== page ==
• The one chemical that addresses all restoration industry needs without harming the earth or its more developed inhabitants has not yet been commercialized. Cleaners that can break down and loosen contamination are needed to remove visible organic soil before disinfection begins. In some instances, neutralizers are needed to deactivate harmful chemical residues. Stain removers and odor eliminators may also be needed.
  • An EPA registered disinfectant that kills both TB and non-enveloped is needed because more often than not, it is impossible to know exactly which human pathogens are present. Don’t take a chance with the welfare of your crew and clients. Look for a disinfectant that has been proven effective against non-enveloped viruses, such as poliovirus, norovirus, rotavirus or parvovirus.
  • Many specialized tools do a great job of applying chemicals and removing contamination. To avoid cross contamination that can harm your staff and clients, look for tools that are either easy to clean and disinfect when the job is done, or inexpensive enough to discard. In general, laundering pathogen contaminated fabric cleaning tools exposes people to more risk than employing single use tools.”
MP: “A full range of regular and specialty equipment is required for forensic restoration. This includes the basics of personal protective equipment although it helped to HEPA filtered negative air machines, and even sophisticated infection control devices and foam applicators for cleaners and disinfectants. While many people think that a mop and bucket is adequate for cleaning up blood borne contaminants, there are many specialty products that make the work more efficient and effective. There will be an opportunity to learn about some of these at the Focus on Forensics Conference.”
5. What are some of the major dangers during forensic restoration?
MP: “Although the prominent, but invisible hazards, are related to the microbial contaminants, forensic work also involves a whole range of standard safety and health problems. Issues such as heat stress, over-exertion, strains from lifting, tripping, and electrical hazards are nearly always present. Of course, any minor cut or puncture, which would normally be treated with simple first aid, becomes a much more significant event on a forensic project.”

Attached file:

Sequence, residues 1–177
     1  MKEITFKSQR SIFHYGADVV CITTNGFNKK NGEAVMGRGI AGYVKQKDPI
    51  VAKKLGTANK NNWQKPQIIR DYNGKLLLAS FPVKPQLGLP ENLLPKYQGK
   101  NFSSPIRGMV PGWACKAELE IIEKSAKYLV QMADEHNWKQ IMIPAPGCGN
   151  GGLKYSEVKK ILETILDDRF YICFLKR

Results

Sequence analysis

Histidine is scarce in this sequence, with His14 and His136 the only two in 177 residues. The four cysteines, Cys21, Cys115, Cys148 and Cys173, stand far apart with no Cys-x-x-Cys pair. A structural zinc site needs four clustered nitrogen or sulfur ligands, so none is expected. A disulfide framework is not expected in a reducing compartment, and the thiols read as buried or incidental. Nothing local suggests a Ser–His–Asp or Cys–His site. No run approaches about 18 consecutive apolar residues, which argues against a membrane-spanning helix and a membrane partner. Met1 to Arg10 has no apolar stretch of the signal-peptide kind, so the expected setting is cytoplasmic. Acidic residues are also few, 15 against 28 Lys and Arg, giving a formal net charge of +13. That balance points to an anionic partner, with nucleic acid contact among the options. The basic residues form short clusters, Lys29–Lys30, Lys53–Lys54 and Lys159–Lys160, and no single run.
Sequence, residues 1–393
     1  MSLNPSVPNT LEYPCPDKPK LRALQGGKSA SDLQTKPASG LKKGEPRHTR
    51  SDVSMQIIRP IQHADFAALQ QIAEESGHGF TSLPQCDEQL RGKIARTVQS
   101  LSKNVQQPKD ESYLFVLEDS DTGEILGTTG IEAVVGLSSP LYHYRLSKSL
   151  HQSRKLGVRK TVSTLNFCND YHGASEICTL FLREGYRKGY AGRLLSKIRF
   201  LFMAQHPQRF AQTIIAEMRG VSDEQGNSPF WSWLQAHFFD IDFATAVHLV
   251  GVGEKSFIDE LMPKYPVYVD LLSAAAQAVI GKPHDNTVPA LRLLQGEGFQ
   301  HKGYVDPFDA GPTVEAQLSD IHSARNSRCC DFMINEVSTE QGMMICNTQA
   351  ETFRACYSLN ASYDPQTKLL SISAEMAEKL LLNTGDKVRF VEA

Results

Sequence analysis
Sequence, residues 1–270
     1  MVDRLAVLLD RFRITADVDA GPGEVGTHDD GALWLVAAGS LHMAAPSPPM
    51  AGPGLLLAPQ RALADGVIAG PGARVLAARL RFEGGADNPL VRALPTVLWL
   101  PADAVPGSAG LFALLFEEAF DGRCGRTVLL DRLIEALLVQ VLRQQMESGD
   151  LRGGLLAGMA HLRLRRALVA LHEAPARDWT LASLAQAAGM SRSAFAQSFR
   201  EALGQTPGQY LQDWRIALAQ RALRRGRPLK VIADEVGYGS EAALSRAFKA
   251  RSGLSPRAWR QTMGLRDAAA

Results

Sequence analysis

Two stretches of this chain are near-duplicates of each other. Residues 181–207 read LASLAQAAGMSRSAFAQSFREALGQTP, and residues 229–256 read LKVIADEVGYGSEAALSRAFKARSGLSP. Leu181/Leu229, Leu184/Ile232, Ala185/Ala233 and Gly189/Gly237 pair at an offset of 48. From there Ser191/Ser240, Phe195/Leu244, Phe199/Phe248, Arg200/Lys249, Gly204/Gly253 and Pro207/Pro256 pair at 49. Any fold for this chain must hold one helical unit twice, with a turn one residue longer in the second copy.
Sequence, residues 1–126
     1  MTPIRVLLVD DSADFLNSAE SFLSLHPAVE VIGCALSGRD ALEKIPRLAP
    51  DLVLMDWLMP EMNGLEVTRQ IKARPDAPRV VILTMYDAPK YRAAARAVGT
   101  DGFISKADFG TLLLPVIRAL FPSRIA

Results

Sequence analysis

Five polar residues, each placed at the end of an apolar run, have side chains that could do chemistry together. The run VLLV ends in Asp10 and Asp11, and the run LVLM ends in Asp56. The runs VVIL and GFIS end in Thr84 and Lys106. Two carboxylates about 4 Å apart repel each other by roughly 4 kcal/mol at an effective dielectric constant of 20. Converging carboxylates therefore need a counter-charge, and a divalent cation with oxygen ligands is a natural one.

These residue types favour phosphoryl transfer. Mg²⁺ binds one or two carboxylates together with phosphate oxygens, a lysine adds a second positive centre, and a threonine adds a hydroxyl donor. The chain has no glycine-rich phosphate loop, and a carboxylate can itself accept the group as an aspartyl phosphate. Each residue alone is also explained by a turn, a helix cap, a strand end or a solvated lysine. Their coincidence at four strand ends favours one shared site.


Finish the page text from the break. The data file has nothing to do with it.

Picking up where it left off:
SL: “Again, what you can’t see can really harm you, your team and your client. Common oversights when working in a pathogen contaminated site include:
  • Inadequate protection from aerosolized pathogens or ultrafine particles of dried blood. Utilize a full face respirator with organic vapor cartridges with a minimum of HEPA filtration. ULPA (Ultra-low penetrating air) filter is preferred over HEPA.
  • Use of industrial grade nitrile or rubber gloves that have pin holes in them, which allow chemicals and bio-contamination to come in direct contact with your skin.  Avoid exposing your staff to pathogens or chemical residue by selecting chemotherapy or surgical gloves that have passed the ASTM D5151 pinhole test method.  
  • Improper doffing of contaminated PPE. Triple gloving is one of the best ways to ensure that accidentally touching the contaminated outside of your protective suite does not result in pathogens coming in direct contact with your skin. That innermost layer of gloves should come off last.
  • Forgetting to wash hands thoroughly after taking off that innermost pair of gloves. Wash with a surgical scrub containing the active ingredients phenol/sodium phenate or chlorhexidine gluconate for at least 30 seconds in warm water.”
6. Why do you believe there is a need for more specialized training, like this conference, in regards to forensic restoration?
SL: Because, what you can’t see can harm you, your team and your client. Also, careless comments by your staff or insensitive interactions with clients, survivors, people who pose as survivors, and local authorities can harm or destroy your business. “
MP: “The forensic conference is critical because new technology, and work procedures are becoming available every day. The 2016 conference is especially important for the industry as it will be the first event where the experts involved in the development of the RIA Forensic Restoration Guidelines will explain the details and the practical aspects of that industry changing document.”
7. Anything else you would like to add?
MP: “The sad fact is that the recent trajectory around the globe is for more violent acts, increased number of criminal operations like meth labs and mental health issues like hoarding. Faced with an ever-growing range of threats from these sorts of situations, it is imperative that forensic restoration step up to a new, more professional level.  The development of industry guidelines, presentations of information at exciting technical conferences, and planned production of a detailed field guide for forensic work are all necessary steps in putting forensic restoration on a more professional level.”